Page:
Bamboo is often associated with pond and stream banks where it's beautiful, graceful, evergreen, arching canes create soft architectural lines. But once established bamboo is quite tolerant of extremes including alpine and coastal conditions and drought. Ironically they cannot withstand a waterlogged root system.
There are 30 species and hundreds of hybrids, most being too large and invasive for all but large gardens. Being grasses their rate of growth is dependent upon moisture, feeding and warmth. Clumping varieties create dense, vertical, slower growing stands more suitable to home gardens. Running sorts spread rapidly to make large groves creating screens, seaside windbreaks and providing erosion control on banks.
Beschorneria (Be-shaw-neer'-ee-a), the Mexican Lily, has broad, grey-green, flax or yucca-like leaves forming dramatic rosettes. Giant red flower spikes 2m and more arise from the centre in spring. Drooping clusters of green, bell-shaped lilies appear from rose red bracts all along the stem creating a spectacular show. Very drought hardy, they need full sun and a warm, well drained sandy loam.
Water more when flowering. Bougainvilleas come in a wide range of colours and are noted for their durability in hot, dry, sunny spots, coastal sites, containers, and ability to flower in poorer soils. Can be trained to climb or pruned into a hedge or even a bonsai!
Brachycome creates feathery mounds to 30cm covered in delicate 2cm daisies in blue, mauve, white and pink with black and gold centres. They create a floral carpet in spring and summer in the rock garden, dry border, or shallow container. They love heat, dry conditions, full sun, and a light, warm soil. Pinch out centres to make a bushier plant with more bloom. Evergreen B.multifida (Cut Leaf Daisy) is a hardy, perennial while B. iberidifolia (Swan River Daisy) is a quick growing annual.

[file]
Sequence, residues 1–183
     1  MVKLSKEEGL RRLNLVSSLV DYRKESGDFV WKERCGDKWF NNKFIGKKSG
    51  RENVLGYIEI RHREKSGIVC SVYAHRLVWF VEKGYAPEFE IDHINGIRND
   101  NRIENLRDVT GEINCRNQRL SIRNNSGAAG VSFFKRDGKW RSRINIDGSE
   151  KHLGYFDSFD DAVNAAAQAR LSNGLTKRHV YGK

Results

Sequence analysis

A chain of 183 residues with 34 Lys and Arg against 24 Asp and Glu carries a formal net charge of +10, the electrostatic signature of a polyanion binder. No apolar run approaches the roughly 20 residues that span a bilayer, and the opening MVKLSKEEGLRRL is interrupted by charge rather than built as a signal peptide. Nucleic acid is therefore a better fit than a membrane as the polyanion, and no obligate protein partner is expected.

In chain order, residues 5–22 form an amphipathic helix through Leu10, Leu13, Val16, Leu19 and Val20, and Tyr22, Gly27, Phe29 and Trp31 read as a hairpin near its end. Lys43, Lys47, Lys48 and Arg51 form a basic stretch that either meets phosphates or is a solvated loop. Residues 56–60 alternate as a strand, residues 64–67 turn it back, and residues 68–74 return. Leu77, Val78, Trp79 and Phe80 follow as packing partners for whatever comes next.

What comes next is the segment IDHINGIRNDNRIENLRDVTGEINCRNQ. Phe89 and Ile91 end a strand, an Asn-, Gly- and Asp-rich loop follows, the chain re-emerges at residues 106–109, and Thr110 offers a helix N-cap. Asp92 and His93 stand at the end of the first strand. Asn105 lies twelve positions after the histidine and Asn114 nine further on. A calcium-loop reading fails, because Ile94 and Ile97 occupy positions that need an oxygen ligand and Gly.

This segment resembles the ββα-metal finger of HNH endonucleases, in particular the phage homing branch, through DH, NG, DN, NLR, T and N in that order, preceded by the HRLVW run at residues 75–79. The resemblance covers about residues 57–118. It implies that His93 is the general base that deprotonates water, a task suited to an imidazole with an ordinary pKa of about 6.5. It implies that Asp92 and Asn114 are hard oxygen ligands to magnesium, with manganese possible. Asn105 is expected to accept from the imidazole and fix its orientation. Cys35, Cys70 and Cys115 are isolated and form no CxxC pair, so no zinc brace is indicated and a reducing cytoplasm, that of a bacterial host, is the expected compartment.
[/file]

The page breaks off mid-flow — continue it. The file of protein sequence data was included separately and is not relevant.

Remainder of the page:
Brachysema (Brak-ee-see-ma), the Swan River Pea or Scimitar Shrub is a Western Australian native noted for it's drought resistance even in full sun, sandy soils, and coastal sites. Decorative, evergreen, oval, dark green leaves with a silvery reverse line slender, arching stems on a 1x3m shrub. Can be grown as a groundcover or semi-climber with trellis or net support. Tip - prune to keep bushy.
Flowers are bright red clusters of pea shaped blooms arising from the leaf axis. They don't fully open creating a curved effect similar to the one-sided scimitar sword used by Turks and Persians.
Buddleia, the Butterfly Bush, does truly attract butterflies with it's fragrant, nectar-filled flower clusters. The winter flowering B. salvifolia has broad clusters of mauve blooms against silver grey foliage. B. davidii and it's many hybrids are known as Summer Lilacs which the blooms resemble in pink, purple, blue and mauve shades as well as cream and white.
Grows fast and easily in almost any soil in full or part sun withstanding coastal and droughty conditions. Prune right back to old wood after flowering to maintain shape and flower size. Good in large containers and an excellent cut flower in the dry garden.